“To tell you the truth, I hadn’t decided, Alana, I mean, Captain.” I
caught myself as her brow furrowed. “Working on this shuttle has almost been
like an automatic reaction. Something I feel I should do, with no real reason
behind it.”
One eyebrow arched. “Are you certain about that, Paris? Do you
honestly expect me to believe that you are ready to leave your life with this
Kate behind? Face it, you are as in love with her as any man could be. Who do
you think you made love to last night?”
“You, of course.”
Alana shook her head. “Unh-unh. Up here maybe.” She tapped my head.
“But not down here.” She pointed to my heart. “I’m no counselor, but I think
maybe you were trying to say good-bye to her. Listen, I’m not going to push
you into this experiment. I think it’s insane with a high probability of
failure. Besides, you’re a damned good pilot; the Maquis could always
use you.”
“What about you?”
“What about me? Oh no, don’t do this to yourself, Paris, or to me
either, for that matter. Last night was nice, and in its own way, it was
special to me. But if you stayed here, I would make sure you were put on
another ship. I’ve fought too many battles and put up too many defenses to
bring them down now. I can’t afford to; this crew can’t afford me to.”
“Alana-”
“No, Paris. You don’t love me; you don’t even know me well enough to
like me; you respect me as a combat veteran, that’s all. Combine that respect
with a little pity and loneliness, and pow! Instant sparks, but that’s all
it was.”
I shook my head. “You make it sound as if there were no feelings
involved.” I couldn’t believe that `I’ was saying this; I used to juggle three
girlfriends at a time without blinking an eye, but that seemed like a helluva
long time ago, a past I was no longer too proud of.
“That’s not true. If you stuck around, I could become mighty fond of
you, Paris. So fond, that I might jeopardize a mission to save you, and I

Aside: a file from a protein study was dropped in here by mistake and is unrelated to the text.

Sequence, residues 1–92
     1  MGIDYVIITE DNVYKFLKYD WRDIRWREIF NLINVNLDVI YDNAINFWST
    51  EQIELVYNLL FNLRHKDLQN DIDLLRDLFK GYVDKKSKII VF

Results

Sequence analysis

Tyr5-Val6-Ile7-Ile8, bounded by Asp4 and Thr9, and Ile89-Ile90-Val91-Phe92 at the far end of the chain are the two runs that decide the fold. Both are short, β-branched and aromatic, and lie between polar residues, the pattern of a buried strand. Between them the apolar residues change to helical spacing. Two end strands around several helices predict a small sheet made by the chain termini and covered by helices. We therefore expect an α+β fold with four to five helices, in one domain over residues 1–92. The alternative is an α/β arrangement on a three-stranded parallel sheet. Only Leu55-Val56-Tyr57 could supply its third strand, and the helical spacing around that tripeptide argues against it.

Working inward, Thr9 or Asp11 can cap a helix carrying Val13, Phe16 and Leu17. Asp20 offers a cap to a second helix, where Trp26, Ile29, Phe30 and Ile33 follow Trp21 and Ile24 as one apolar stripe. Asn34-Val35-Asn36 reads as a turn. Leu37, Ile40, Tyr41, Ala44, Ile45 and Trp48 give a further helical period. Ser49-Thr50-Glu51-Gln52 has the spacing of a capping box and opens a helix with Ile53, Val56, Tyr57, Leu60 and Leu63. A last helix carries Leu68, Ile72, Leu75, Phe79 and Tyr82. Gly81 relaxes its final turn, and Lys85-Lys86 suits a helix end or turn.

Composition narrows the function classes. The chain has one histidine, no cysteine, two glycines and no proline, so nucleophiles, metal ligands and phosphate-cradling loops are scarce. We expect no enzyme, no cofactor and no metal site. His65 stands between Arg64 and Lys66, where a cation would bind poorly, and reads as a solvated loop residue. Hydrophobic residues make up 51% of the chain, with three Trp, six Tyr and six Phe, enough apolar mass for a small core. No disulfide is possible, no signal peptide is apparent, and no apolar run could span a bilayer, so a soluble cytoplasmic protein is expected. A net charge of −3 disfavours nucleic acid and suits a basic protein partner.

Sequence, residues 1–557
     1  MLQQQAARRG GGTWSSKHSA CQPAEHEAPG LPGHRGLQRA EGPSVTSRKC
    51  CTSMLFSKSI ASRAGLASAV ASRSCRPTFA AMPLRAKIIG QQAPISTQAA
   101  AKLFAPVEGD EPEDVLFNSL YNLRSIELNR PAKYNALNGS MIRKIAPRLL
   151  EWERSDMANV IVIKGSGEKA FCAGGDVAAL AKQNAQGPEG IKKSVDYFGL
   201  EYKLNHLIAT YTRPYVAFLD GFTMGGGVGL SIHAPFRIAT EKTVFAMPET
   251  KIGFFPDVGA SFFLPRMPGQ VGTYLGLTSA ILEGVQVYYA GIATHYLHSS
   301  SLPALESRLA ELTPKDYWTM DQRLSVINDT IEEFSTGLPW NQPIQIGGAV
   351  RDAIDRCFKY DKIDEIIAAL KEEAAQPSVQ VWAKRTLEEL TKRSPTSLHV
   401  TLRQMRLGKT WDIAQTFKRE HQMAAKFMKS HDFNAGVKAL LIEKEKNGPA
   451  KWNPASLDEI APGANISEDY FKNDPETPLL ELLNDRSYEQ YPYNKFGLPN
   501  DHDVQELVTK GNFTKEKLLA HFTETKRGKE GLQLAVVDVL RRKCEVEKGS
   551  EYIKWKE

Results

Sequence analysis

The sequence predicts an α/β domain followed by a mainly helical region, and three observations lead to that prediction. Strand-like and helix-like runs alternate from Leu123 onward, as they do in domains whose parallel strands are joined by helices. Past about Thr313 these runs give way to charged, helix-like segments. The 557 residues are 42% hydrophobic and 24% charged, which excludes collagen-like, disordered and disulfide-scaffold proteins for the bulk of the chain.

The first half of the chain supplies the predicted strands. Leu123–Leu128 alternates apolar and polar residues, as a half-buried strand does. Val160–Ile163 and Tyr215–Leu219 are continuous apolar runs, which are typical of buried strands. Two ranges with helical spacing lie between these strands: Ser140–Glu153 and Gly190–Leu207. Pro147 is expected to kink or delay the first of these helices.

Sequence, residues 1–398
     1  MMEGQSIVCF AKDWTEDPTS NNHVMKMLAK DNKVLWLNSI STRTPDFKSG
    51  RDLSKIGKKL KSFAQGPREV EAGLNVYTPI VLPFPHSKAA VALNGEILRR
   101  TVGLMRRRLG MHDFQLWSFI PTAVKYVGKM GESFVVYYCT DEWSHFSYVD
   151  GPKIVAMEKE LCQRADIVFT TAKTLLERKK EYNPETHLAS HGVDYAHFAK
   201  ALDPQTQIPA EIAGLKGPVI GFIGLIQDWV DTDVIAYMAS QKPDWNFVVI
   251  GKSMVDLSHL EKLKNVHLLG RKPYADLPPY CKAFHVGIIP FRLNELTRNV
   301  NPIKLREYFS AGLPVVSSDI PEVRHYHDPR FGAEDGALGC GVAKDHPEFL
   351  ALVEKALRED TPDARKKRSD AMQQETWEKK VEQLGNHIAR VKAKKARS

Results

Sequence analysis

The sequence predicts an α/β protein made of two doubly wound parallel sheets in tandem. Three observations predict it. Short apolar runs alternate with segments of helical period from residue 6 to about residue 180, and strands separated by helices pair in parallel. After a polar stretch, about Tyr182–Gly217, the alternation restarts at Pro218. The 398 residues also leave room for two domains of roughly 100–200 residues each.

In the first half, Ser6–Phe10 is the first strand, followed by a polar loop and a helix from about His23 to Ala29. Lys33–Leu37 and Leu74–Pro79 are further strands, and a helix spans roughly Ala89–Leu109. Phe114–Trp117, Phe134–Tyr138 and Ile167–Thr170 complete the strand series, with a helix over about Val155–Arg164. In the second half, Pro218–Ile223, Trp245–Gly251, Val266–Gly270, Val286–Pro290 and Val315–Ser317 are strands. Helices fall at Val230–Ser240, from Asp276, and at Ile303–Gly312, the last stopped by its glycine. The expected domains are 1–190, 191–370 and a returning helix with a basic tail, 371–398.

can’t do that. No, one way or another you will leave this particular ship.”
She rose from the seat. “Think about what you want to do. Kilan should be
ready to resume his duties tomorrow, and right now, we have no set mission.
I can either drop you off at the border or make arrangements to transfer you.
Just let me know.” She ducked out the rear hatch.
I remained sitting on the shuttle’s floor for a few minutes after she
left, staring into space. I had a choice to make. I could stay here and live
the life I was headed for before being sent to prison, or I could try to get
back to Voyager and lead the life I had always wanted to live. But could I
really face a life on that small ship without Cait, seeing her day-in and
day-out? Hell, who even said I was going to make it back to Voyager in the
first place?
I turned around and looked at the open panel. I wasn’t angry like I
was all those years ago; I was tired of fighting. I had done so much of it
lately; now, I was just in pain. Without another thought, I began squirming my
way back into the narrow space. I guess I had made up my mind, after all.

“Come in.” Alana glanced up from her desk as I entered. “Yes, Paris.
What can I do for you?”
“I’ve finished the repairs on the shuttle. I guess it’s as ready as it
will ever be.” I detected a tone of resignation in my voice, and she did, too.
“Paris, sit down a minute. That’s an order,” she added observing my
reluctance. I didn’t want to embark upon another soul-searching coversation.
“The shuttle may be ready, but are you?”
I shrugged. “To be honest, I’m not sure, but I can’t stay here,
can I?”
“I never said that. I said you couldn’t stay on this ship; the Maquis,
though, can always use an experienced pilot. However, it would be a very
lonely life for you, being away from her.”
“I have the feeling it’ll be a lonely life for me there, too,
especially after what happened last night. Once, I tell her-”
“Tell her! Paris, for a man who seems to have had a lot of experience
with women, you know nothing about relationships. Don’t tell her. Don’t lie,